Please turn on javascript in your browser to play chess.
Only Chess Forum

Only Chess Forum

  1. 29 May '13 12:37 / 2 edits
    A game of Jonny Hector's that I thought I would share. There are no comments from me because this is way over my head! I have no idea what is going on, but it is amazing.

    Jonny Hector vs Per Vernersson, Swedish Championship 2001.

  2. 29 May '13 21:52
    I'll give a bash at noting it up.
    Hector, Sax and Vanganian games are always worth playing over.

    J. Hector - P. Vernersson Sweden 2001



    Now we look at the original Knight sacrifice.




    And finally Game No 8632718 which was mentioned in the notes to the first game.

    WhiteHorses - kapatidnapogi RHP 2012

  3. Subscriber Paul Leggett
    Chess Librarian
    29 May '13 22:43
    Originally posted by greenpawn34
    [b]I'll give a bash at noting it up.
    Hector, Sax and Vanganian games are always worth playing over.
    Thumbs up and worth repeating! As soon as I saw Hector's name in the title, I opened this thread immediately.

    He plays with energy and has his own unique style. A book of his best games would be a great read.
  4. Subscriber moonbus
    Uber-Nerd
    30 May '13 14:15
    Thanks for the notes. BTW, the pgn leading this thread gives the result as 0-1; when I saw the result I was puzzled (mate in two--even I can see that far ahead). Maybe the pgn should be corrected.

    Is anyone at the forum familiar with games of Julius/Gyula Breyer? He had a similar style, it seems to me--very unusual ideas.
  5. Subscriber Paul Leggett
    Chess Librarian
    30 May '13 21:49
    Originally posted by moonbus
    Thanks for the notes. BTW, the pgn leading this thread gives the result as 0-1; when I saw the result I was puzzled (mate in two--even I can see that far ahead). Maybe the pgn should be corrected.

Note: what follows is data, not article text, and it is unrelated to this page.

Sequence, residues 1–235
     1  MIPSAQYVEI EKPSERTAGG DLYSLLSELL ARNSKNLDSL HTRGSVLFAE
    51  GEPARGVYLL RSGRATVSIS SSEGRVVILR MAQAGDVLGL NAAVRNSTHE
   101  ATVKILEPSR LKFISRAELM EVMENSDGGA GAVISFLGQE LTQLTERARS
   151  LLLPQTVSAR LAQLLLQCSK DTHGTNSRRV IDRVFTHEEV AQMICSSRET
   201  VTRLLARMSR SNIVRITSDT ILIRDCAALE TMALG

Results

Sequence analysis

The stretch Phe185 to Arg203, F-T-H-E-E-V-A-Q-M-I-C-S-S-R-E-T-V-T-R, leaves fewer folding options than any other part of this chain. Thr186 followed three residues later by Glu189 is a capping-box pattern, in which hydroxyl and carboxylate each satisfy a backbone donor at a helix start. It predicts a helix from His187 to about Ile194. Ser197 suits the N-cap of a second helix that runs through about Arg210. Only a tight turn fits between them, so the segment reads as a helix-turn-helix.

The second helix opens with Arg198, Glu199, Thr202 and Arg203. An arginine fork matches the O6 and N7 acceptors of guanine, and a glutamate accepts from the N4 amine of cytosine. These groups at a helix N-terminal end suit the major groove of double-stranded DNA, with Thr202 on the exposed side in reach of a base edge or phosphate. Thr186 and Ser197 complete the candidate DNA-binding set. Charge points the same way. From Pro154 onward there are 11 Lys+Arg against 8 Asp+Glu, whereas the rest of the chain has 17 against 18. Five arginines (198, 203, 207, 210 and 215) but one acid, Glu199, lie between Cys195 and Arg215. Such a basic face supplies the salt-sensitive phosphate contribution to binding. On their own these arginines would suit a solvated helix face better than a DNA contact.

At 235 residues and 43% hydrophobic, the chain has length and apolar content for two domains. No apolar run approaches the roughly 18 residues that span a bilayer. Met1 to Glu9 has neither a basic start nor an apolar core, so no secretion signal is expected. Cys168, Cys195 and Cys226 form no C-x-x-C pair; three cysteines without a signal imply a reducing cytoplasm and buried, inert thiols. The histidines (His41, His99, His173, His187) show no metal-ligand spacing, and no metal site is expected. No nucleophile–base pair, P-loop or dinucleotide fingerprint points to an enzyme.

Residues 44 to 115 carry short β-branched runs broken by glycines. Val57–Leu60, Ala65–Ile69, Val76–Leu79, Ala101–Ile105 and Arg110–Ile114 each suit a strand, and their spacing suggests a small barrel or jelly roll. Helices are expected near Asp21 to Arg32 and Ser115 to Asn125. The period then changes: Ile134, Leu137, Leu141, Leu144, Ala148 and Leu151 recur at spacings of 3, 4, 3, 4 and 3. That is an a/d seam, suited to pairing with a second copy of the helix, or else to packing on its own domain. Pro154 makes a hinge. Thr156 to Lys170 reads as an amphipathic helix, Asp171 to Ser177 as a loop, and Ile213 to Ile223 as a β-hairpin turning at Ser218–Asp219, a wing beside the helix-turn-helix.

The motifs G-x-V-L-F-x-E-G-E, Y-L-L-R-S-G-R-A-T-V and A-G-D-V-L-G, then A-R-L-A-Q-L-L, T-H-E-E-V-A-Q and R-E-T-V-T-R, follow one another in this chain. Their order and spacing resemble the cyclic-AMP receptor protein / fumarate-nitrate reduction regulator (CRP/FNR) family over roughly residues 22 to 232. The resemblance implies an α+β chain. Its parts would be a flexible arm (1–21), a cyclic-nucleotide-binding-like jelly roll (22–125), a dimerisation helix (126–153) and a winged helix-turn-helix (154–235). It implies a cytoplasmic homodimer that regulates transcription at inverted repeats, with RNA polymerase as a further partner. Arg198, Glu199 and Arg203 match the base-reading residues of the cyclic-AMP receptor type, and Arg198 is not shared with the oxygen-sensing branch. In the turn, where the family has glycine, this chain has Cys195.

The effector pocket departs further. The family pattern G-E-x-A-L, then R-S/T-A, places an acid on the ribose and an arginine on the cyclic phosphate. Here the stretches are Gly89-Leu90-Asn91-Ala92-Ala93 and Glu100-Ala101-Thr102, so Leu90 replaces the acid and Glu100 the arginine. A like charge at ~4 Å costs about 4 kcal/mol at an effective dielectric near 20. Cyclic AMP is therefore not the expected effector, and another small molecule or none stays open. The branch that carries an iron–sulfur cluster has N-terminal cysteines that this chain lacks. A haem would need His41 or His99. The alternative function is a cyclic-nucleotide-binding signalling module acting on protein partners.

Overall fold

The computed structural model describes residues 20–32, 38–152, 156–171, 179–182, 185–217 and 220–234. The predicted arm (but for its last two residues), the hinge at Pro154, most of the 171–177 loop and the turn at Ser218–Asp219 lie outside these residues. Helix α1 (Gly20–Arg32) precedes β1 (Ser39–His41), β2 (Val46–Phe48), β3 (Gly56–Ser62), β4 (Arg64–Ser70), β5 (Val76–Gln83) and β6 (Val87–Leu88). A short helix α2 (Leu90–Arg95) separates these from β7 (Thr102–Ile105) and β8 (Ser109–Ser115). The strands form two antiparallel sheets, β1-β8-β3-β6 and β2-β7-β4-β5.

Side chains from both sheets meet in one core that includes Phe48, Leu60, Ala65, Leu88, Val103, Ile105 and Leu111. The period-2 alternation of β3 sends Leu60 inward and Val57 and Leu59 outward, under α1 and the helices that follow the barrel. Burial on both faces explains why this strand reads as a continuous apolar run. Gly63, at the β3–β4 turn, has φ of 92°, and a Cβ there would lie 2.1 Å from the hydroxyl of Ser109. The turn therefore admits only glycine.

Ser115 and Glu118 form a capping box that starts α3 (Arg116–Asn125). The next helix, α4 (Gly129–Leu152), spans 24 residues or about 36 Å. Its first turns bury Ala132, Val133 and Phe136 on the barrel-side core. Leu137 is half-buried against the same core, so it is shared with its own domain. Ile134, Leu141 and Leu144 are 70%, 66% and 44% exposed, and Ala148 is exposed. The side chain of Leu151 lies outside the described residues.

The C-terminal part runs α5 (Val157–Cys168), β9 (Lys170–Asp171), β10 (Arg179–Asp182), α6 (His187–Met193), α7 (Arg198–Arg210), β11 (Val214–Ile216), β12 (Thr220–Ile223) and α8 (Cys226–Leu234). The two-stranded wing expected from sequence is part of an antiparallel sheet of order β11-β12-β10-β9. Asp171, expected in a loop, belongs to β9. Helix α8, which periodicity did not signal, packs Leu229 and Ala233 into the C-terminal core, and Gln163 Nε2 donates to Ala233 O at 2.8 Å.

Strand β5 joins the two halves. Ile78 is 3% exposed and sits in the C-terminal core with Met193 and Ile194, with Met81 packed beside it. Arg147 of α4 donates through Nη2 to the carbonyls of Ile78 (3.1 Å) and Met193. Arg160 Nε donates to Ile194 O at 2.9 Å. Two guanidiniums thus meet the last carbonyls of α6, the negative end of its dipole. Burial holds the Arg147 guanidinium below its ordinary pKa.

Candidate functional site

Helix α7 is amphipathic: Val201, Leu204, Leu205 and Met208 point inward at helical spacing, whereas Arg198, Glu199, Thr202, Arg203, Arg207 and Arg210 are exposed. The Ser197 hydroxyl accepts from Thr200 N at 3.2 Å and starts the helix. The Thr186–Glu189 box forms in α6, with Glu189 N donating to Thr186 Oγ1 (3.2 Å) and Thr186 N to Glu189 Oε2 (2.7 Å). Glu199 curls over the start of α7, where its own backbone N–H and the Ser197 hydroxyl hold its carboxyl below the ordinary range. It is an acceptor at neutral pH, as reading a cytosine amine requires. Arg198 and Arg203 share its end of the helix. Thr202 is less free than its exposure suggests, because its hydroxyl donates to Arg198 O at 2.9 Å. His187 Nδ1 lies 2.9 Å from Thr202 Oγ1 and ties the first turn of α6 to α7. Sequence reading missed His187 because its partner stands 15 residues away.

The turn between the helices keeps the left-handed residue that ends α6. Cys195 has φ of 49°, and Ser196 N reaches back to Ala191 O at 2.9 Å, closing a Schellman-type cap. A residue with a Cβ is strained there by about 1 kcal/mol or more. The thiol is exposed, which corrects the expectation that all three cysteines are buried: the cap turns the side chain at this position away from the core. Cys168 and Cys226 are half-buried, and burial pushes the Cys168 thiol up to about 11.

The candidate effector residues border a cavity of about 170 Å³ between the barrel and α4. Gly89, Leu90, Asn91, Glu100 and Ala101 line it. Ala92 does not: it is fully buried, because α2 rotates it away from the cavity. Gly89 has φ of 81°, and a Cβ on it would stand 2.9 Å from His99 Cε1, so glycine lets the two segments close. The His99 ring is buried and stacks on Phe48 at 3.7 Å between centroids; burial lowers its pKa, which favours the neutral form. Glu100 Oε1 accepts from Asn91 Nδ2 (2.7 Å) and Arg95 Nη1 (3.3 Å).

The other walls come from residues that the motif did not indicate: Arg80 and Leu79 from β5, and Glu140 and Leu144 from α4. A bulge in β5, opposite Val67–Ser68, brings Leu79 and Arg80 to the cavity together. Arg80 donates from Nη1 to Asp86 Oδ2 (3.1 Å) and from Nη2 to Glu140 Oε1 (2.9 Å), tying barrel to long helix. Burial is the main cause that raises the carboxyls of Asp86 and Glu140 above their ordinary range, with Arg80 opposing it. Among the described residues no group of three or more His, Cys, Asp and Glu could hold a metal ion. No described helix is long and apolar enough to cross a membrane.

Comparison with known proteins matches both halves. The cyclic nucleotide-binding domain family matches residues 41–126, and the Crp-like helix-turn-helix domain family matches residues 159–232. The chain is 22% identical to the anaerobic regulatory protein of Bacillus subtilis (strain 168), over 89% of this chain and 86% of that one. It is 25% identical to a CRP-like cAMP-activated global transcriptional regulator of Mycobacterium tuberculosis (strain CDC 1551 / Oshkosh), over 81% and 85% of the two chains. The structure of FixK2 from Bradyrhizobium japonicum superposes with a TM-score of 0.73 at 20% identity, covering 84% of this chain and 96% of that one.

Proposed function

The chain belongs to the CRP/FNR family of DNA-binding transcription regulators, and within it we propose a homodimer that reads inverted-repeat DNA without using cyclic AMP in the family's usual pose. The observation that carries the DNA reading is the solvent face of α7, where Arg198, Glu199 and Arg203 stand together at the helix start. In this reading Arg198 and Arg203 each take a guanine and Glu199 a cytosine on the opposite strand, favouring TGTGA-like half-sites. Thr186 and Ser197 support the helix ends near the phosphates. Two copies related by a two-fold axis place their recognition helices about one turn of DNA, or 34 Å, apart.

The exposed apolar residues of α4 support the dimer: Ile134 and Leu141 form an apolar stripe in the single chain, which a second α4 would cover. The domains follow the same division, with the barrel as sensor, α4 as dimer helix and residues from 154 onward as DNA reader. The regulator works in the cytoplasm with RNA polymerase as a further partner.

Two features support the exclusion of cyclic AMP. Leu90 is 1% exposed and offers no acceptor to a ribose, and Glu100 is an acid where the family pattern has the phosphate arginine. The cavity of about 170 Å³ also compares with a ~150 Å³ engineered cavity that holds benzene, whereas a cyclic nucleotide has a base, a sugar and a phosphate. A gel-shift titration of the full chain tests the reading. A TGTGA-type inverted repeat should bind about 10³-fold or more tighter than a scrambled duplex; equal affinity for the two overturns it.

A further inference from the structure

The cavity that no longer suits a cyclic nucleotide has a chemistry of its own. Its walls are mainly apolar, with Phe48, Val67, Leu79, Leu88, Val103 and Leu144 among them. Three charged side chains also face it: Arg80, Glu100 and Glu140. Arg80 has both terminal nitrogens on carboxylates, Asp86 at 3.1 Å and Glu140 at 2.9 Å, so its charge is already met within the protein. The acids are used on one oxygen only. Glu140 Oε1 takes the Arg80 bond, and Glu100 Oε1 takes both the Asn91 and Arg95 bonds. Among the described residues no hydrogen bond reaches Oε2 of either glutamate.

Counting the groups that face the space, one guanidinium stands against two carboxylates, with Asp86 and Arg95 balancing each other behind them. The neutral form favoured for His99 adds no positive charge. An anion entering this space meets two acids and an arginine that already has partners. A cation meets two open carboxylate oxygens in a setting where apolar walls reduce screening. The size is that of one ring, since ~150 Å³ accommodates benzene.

Is anyone at the forum familiar with games of Julius/Gyula Breyer? He had a similar style, it seems to me--very unusual ideas.
    Breyer features prominently in Reti's Modern Ideas in Chess. He may well have been the first truly hypermodern player.
  6. Standard member caissad4
    Child of the Novelty
    31 May '13 01:04
    Originally posted by Paul Leggett
    Breyer features prominently in Reti's Modern Ideas in Chess. He may well have been the first truly hypermodern player.
    "After 1.P-K4 whites game is in its last throes" Julius Breyer
  7. 31 May '13 01:49
    "After 1.P-K4 whites game is in its last throes"

    After quoting this in Modern Chess Ideas Reti added:

    Credo quia absurdum

    Which translates to "I believe because it is absurd."
  8. Standard member Exuma
    Anansi
    31 May '13 10:56
    Thanks for the lead on Breyer. Somehow I have not seen and played through these games. Really really difficult and interesting.

    The first one I looked at on chessgames - this comes up -



    So from this position, why is it that black should not play NxN, and after pxN, QxN?

    Thus -


    I see that if the bishop on d2 was not there, then Qd7 is mate. I see that the bishop has a free move because of that threat. The problem is that black has Qd5, and if the white Q goes somewhere else the R on d1 is hanging. What am I missing? In the actual game black played 0-0-0 instead of taking the e-pawn